In essence, super-villainy trumps petty social differences. Or super-villains are incredibly tolerant people, behind the curtain of evilness. We are asked to suspend disbelief and follow this logic.

OK, fair enough. I’ve read prisoners’ accounts of their time in the Big House, and one recurring theme is that the skinheads and black prisoners “get along” fairly well — mostly because they are so upfront about their group solidarity. There is no moral ambiguity, no grey area — if push came to shove, each would slit the other’s throat, and neither makes an attempt to conceal this. Therefore a strange sort of respect emerges.

It’s more plausible than Dr. Doom saying “Leave my kingdom, Fantastic Four! I don’t feel like killing you right now. There would be no sport in it.”

Anyway, if you’re looking for a more challenging and complex interplay between super-villain and super-hero psychologies, I recommend Daredevil No. 180, in which Daredevil forges through the sewers of New York to find the Kingpin’s long-lost wife, Vanessa.

It’s one my all-time faves. At one point, Daredevil, hobbling around on a crutch, gives the crutch to a damned, legless soul, who proceeds to mock him for his generosity.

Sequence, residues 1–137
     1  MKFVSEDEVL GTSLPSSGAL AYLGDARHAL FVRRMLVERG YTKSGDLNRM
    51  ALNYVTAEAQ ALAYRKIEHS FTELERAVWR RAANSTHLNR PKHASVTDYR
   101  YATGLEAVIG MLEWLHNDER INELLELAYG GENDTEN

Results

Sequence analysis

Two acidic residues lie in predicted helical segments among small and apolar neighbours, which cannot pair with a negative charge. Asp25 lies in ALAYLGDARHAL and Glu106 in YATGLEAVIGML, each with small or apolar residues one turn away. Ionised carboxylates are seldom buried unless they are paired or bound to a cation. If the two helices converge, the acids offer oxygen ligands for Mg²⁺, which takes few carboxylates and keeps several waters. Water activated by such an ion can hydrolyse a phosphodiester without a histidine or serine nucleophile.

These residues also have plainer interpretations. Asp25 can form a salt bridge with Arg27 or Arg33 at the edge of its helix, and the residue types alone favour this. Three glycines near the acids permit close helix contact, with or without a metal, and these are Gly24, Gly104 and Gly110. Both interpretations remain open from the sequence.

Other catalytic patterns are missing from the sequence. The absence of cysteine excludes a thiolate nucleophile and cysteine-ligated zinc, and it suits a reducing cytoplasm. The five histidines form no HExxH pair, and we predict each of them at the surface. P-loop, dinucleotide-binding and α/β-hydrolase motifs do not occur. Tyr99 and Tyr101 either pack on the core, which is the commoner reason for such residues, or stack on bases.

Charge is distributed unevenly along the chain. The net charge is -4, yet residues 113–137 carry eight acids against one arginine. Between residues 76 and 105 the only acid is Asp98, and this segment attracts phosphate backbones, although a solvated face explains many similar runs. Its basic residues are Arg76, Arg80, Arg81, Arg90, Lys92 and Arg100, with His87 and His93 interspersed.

When I was busy reading that at age 10, I’m sure my parents thought I was knee-deep in innocuous “Whap! Bam! Pow!” mindlessness.

If only!

P.S. Here is a good analysis of the Batman/Joker psychological interchange by Erik Henriksen at the Portland Mercury.

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11 Responses to “The bizarre moral code of super-villains”

  1. Call me cynical, but I think this all boils down to money. The supervillains are not motivated by a pure emotion, like evil; they’re motivated by the much more base emotion, greed. These guys are making just as much off the marketing and merchandising as the heroes, and if they kill them, then what are they?

    They’re just jerks running around in silly outfits. But if Spider-Man is still around, then they’re an ARCH VILLAIN.

  2. Money makes them thugs4life.

  3. Spider-Man completes them.

  4. If the power inhibitor ray is still
    on, as Dr. Doom says, why is Reed
    able stretch his arms in front of his
    team-mates?

  5. I think the inhibitor ray diminishes their powers, but doesn’t completely nullify them.

  6. The panel depicting a crying Doom is the most maudlin kak ever written/drawn.

  7. re: Doom Tears

    I thought it was pretty over-the-top, even for Marvel.

  8. That panel is a violation of all that is decent in the world.

  9. Thinking that a MODOK post might be on the front burner. I would love to see MODOK with long hair.

  10. MODOK is quite awesome. Always been very partial to Batroc Ze Leaper, however.

  11. Basil Elks was good too, and his civilian name conveniently gave way to his villain moniker:

    http://en.wikipedia.org/wiki/Basilisk_(comics)

    And Leland Owlsley too:

    http://en.wikipedia.org/wiki/Owl_(Marvel_Comics)